Microfinance as a way to develop White Center

Most people are aware that the greatest impediment to the start and development of the business is lack of capital.  Tradtionally, banks only lend money to people who already have money.  This makes it extremely difficult for would-be entrepreneurs to start a business — even one that is desperately needed.  One solution  to this quandry is the pooling of resources by a community to assist its members with the initial loan that gives them entry.  The Asian and Latino communities already have models of this practice, the latter known as Tanda.  Variants of this practice are known broadly as microfinance.

Microfinance refers to the provision of financial services to poor or low-income clients, including consumers and the self-employed.[1] The term also refers to the practice of sustainably delivering those services. Microcredit (or loans to poor microenterprises) should not be confused with microfinance, which addresses a full range of banking needs for poor people.[2]

More broadly, it refers to a movement that envisions “a world in which as many poor and near-poor households as possible have permanent access to an appropriate range of high quality financial services, including not just credit but also savings, insurance, and fund transfers.”[3] Those who promote microfinance generally believe that such access will help poor people out of poverty.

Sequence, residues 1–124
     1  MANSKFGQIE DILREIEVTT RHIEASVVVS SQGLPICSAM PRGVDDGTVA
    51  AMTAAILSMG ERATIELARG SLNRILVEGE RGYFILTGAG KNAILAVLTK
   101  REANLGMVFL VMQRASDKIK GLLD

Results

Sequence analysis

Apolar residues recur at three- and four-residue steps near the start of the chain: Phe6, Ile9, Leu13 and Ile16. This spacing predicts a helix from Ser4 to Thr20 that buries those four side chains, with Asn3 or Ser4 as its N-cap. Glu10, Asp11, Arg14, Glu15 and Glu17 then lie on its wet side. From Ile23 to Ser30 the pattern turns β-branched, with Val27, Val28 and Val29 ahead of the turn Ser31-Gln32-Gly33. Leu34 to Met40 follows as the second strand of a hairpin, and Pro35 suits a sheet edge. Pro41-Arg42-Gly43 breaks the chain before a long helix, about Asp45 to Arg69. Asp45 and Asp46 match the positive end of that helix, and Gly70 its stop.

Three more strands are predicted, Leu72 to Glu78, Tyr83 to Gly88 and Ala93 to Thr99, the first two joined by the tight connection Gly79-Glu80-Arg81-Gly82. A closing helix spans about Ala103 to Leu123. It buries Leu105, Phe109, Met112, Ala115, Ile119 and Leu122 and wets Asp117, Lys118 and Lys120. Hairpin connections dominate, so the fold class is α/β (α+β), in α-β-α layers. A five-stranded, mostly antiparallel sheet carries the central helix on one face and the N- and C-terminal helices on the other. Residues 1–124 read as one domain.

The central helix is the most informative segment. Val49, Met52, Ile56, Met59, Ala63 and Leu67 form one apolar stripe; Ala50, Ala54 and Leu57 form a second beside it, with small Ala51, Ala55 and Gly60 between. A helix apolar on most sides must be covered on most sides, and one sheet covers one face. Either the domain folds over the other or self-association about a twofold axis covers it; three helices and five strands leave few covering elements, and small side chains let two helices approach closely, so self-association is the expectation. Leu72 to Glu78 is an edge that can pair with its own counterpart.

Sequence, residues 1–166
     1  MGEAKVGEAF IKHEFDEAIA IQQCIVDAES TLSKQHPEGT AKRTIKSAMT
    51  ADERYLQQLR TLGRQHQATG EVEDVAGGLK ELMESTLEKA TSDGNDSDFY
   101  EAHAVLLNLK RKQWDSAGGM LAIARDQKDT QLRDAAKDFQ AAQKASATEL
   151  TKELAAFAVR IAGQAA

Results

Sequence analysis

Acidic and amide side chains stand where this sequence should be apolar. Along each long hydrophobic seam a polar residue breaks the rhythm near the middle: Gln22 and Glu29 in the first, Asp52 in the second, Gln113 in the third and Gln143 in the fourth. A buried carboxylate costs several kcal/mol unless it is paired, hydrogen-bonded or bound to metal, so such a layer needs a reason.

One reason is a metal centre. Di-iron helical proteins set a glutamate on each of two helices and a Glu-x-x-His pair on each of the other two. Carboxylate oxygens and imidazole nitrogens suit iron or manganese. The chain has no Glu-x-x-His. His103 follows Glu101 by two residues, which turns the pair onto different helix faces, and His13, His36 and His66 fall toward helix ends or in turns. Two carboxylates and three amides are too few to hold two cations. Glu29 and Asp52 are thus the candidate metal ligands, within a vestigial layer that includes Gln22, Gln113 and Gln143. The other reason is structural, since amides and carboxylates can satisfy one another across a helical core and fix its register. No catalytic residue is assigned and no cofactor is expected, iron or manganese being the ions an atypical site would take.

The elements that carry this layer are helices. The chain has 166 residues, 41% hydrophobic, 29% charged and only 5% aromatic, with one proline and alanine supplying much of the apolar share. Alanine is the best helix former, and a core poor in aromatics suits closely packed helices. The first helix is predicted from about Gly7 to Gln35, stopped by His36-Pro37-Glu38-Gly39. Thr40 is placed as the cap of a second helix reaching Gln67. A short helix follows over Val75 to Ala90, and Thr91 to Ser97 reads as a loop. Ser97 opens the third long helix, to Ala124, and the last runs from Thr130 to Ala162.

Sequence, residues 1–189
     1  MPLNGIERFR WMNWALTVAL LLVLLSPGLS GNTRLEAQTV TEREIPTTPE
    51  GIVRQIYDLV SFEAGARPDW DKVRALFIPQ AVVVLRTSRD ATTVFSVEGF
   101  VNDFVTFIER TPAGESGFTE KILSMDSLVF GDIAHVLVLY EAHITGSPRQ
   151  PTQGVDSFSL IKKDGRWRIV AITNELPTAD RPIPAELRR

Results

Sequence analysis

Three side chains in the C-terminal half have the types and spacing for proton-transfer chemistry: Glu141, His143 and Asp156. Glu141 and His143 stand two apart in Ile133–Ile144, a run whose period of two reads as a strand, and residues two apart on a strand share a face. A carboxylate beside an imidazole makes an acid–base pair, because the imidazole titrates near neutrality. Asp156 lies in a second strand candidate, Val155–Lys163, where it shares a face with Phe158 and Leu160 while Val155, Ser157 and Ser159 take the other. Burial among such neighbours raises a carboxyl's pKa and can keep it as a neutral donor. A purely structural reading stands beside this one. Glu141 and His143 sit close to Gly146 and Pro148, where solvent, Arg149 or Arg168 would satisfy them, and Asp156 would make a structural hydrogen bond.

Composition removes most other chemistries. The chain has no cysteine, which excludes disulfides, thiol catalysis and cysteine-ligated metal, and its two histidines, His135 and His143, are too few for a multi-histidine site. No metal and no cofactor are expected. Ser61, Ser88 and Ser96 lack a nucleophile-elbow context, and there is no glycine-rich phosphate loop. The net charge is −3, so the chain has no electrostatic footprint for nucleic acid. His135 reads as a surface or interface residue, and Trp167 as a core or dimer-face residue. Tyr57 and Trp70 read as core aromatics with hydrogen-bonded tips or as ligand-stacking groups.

I would be curious to know if readers have any thoughts on this subject and how it might used as a tool to spur economic development and vitality in White Center and other areas.


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One Response to “Microfinance as a way to develop White Center”

  1. Ron Richardson Says:

    Microfinance is happening in far flung corners of the world. Why not White Center? In 2006 Muhammad Yunus won the Nobel Peace Prize for his efforts in his microfiance project, Grameen, which began in Bangladesh in the 1970’s and now operates around the world, including the USA. KIVA was started in the Bay area by one of the founders of PayPal and has a system where individuals (like you and I) can make loans as little as $25 dollars to folks around the world that have a good idea and need a small amount of cash to get it going. Often as little ad a few hundred dollars helps folks get started. The default rate for KIVA is about 2%. How does that compare with Wall street? I have heard that KIVA is laying the groundwork to start micro loans here in the USA. Look up KIVA and the Grameen Foundation on the internet for info on how to get involved.
    Ron Richardson